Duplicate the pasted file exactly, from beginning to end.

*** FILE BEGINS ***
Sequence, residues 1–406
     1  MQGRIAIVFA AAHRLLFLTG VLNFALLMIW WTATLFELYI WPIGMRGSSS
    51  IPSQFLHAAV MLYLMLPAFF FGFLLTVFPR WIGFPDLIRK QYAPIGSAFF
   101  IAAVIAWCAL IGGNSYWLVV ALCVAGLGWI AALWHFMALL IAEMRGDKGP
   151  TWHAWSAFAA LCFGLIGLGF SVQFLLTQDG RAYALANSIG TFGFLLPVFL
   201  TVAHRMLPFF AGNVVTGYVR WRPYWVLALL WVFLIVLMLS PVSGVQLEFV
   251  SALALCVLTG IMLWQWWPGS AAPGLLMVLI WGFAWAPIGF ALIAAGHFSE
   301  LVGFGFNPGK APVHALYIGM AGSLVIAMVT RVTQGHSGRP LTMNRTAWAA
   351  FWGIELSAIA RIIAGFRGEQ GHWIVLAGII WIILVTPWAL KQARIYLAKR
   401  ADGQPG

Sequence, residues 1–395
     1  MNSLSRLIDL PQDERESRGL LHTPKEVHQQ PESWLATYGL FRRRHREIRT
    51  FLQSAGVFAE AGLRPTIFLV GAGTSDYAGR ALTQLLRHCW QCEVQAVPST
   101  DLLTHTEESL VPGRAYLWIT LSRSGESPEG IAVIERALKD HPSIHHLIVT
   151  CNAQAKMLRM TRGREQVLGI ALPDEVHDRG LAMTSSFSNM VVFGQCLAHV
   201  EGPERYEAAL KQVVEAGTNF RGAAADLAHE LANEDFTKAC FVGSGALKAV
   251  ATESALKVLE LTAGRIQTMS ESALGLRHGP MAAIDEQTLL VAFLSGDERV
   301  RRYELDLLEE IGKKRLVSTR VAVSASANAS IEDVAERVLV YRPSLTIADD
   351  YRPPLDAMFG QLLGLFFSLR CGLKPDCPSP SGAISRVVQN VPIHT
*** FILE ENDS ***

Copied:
Sequence, residues 1–406
     1  MQGRIAIVFA AAHRLLFLTG VLNFALLMIW WTATLFELYI WPIGMRGSSS
    51  IPSQFLHAAV MLYLMLPAFF FGFLLTVFPR WIGFPDLIRK QYAPIGSAFF
   101  IAAVIAWCAL IGGNSYWLVV ALCVAGLGWI AALWHFMALL IAEMRGDKGP
   151  TWHAWSAFAA LCFGLIGLGF SVQFLLTQDG RAYALANSIG TFGFLLPVFL
   201  TVAHRMLPFF AGNVVTGYVR WRPYWVLALL WVFLIVLMLS PVSGVQLEFV
   251  SALALCVLTG IMLWQWWPGS AAPGLLMVLI WGFAWAPIGF ALIAAGHFSE
   301  LVGFGFNPGK APVHALYIGM AGSLVIAMVT RVTQGHSGRP LTMNRTAWAA
   351  FWGIELSAIA RIIAGFRGEQ GHWIVLAGII WIILVTPWAL KQARIYLAKR
   401  ADGQPG

Sequence, residues 1–395
     1  MNSLSRLIDL PQDERESRGL LHTPKEVHQQ PESWLATYGL FRRRHREIRT
    51  FLQSAGVFAE AGLRPTIFLV GAGTSDYAGR ALTQLLRHCW QCEVQAVPST
   101  DLLTHTEESL VPGRAYLWIT LSRSGESPEG IAVIERALKD HPSIHHLIVT
   151  CNAQAKMLRM TRGREQVLGI ALPDEVHDRG LAMTSSFSNM VVFGQCLAHV
   201  EGPERYEAAL KQVVEAGTNF RGAAADLAHE LANEDFTKAC FVGSGALKAV
   251  ATESALKVLE LTAGRIQTMS ESALGLRHGP MAAIDEQTLL VAFLSGDERV
   301  RRYELDLLEE IGKKRLVSTR VAVSASANAS IEDVAERVLV YRPSLTIADD
   351  YRPPLDAMFG QLLGLFFSLR CGLKPDCPSP SGAISRVVQN VPIHT